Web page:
Cancer nanomedicines: So many papers and so few drugs!

Vincent J. Venditto, Francis C. Szoka

Research output: Contribution to journalReview articlepeer-review

461 Scopus citations


This review identifies a timeline to nanomedicine anticancer drug approval using the business model of inventors, innovators and imitators. By evaluating the publication record of nanomedicine cancer therapeutics we identified a trend of very few publications prior to FDA approval. We first enumerated the publications related to cancer involving polymers, liposomes or monoclonal antibodies and determined the number of citations per publication as well as the number of published clinical trials among the publications. Combining these data with the development of specific nanomedicines, we are able to identify an invention phase consisting of seminal papers in basic science necessary for the development of a specific nanomedicine. The innovation phase includes the first report, the development and the clinical trials involving that nanomedicine. Finally, the imitation phase begins after approval when others ride the wave of success by using the same formulation for new drugs or using the same drug to validate other nanomedicines. We then focused our analysis on nanomedicines containing camptothecin derivatives, which are not yet approved including two polymers considered innovations and one liposomal formulation in the imitation phase. The conclusion that may be drawn from the analysis of the camptothecins is that approved drugs reformulated in polymeric and liposomal cancer nanomedicines have a more difficult time navigating through the approval process than the parent molecule. This is probably due to the fact that for most currently approved drugs, reformulating them in a nanocarrier provides a small increase in performance that large pharmaceutical companies do not consider being worth the time, effort and expense of development. It also appears that drug carriers have a more difficult path through the clinic than monoclonal antibodies. The added complexity of nanocarriers also deters their use to deliver new molecular entities. Thus, the new drug candidates that might be most improved by drug delivery in nanocarriers are not formulated in this fashion.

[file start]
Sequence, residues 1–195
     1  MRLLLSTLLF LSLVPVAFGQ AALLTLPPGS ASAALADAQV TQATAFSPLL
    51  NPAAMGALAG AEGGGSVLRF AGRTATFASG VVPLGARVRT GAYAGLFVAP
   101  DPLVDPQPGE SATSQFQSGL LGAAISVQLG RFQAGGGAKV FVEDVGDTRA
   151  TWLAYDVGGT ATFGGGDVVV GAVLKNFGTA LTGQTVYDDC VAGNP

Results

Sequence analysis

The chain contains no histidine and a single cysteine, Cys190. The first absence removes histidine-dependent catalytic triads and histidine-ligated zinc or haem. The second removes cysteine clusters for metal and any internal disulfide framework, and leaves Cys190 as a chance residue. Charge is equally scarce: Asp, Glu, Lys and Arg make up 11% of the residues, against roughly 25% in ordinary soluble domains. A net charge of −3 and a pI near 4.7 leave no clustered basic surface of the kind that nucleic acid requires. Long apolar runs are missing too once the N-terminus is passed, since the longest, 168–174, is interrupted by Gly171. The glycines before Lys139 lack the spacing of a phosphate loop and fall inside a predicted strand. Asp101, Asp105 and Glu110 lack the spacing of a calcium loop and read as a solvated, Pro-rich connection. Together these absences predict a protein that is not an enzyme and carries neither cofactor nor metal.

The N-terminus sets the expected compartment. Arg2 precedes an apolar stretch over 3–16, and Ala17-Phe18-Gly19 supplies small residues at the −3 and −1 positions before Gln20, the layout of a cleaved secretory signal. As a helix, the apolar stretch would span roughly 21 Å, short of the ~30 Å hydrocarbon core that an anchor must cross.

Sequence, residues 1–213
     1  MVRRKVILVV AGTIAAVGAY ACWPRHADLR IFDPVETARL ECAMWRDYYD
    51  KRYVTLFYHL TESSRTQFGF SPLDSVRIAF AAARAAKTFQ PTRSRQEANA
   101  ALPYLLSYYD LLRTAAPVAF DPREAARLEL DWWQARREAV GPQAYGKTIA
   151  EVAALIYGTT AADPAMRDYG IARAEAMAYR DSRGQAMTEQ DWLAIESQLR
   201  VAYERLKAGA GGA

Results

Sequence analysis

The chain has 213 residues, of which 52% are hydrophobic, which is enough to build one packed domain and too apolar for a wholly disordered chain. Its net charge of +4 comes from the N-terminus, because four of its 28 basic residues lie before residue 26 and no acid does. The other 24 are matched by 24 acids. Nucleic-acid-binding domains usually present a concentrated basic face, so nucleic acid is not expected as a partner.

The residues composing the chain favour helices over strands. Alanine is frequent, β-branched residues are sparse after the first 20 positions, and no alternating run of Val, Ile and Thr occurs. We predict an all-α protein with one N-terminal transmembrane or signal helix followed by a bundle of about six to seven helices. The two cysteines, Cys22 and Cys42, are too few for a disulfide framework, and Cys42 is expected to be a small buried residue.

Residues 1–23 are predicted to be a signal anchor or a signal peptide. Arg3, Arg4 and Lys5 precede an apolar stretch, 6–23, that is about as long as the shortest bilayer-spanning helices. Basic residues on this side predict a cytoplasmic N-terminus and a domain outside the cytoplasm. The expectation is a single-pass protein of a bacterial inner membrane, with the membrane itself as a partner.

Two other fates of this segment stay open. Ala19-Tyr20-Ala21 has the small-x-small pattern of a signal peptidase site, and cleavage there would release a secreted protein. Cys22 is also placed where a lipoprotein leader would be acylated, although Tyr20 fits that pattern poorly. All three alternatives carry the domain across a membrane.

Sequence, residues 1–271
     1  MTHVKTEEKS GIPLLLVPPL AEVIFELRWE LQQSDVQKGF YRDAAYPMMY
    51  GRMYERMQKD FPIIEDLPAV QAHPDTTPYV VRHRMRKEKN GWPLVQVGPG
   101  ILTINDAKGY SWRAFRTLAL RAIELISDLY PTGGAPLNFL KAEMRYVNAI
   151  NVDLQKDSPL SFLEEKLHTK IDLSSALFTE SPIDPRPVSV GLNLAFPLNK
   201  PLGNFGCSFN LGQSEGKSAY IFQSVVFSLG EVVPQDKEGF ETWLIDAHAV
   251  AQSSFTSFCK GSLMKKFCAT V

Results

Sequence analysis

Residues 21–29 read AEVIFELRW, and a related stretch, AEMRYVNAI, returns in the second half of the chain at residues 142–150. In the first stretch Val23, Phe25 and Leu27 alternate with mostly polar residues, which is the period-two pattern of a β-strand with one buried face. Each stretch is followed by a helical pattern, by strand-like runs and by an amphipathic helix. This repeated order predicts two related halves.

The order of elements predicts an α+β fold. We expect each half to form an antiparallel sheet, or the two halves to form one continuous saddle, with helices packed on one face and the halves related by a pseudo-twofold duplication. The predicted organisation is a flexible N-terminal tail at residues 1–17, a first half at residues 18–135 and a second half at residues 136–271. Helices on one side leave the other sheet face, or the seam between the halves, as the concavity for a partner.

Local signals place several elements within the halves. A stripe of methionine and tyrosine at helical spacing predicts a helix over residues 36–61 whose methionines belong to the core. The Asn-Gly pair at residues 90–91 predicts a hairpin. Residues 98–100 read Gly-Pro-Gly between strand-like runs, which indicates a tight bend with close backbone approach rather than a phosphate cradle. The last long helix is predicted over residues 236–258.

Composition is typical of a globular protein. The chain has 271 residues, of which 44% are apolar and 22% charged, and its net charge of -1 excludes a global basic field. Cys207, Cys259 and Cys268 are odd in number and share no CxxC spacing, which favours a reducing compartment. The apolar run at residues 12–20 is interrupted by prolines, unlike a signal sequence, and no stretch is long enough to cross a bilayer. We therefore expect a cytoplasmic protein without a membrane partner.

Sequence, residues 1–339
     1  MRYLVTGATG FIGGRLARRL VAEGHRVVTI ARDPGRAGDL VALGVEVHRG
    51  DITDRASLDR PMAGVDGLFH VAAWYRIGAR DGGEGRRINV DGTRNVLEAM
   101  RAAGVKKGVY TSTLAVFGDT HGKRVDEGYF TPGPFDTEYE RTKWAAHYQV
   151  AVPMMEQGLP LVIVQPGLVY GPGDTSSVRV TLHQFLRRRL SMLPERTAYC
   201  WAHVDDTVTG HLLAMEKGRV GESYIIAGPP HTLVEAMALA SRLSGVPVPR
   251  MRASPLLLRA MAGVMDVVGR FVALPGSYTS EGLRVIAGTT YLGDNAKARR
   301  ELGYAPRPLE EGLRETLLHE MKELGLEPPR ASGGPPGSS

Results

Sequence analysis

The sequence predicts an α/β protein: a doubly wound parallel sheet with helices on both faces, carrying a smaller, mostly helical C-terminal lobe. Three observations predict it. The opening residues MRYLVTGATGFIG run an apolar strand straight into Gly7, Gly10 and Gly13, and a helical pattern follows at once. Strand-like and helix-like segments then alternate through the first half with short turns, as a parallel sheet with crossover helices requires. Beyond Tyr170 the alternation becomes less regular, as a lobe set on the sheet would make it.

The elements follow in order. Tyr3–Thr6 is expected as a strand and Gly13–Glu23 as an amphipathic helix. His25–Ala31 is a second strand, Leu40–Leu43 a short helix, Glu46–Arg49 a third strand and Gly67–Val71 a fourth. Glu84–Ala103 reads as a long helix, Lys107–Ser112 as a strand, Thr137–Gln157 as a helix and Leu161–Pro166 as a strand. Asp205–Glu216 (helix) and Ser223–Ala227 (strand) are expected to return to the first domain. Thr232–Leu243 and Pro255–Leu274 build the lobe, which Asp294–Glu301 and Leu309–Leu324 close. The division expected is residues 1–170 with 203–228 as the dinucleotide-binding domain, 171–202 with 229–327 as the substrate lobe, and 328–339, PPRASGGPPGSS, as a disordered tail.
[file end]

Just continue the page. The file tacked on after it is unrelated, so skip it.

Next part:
Original languageEnglish
Pages (from-to)80-88
Number of pages9
JournalAdvanced Drug Delivery Reviews
Issue number1
StatePublished - Jan 2013

Bibliographical note

Funding Information:
This work was supported by NIH R01 GM061851 , R21 AI093135 . VJ Venditto was funded by an NIH Ruth L. Kirschstein National Research Service Award 1F32AI095062-01A1 .


  • Camptothecin
  • Liposomes
  • Monoclonal antibodies
  • Platinum therapy
  • Polymers

ASJC Scopus subject areas

  • Pharmaceutical Science


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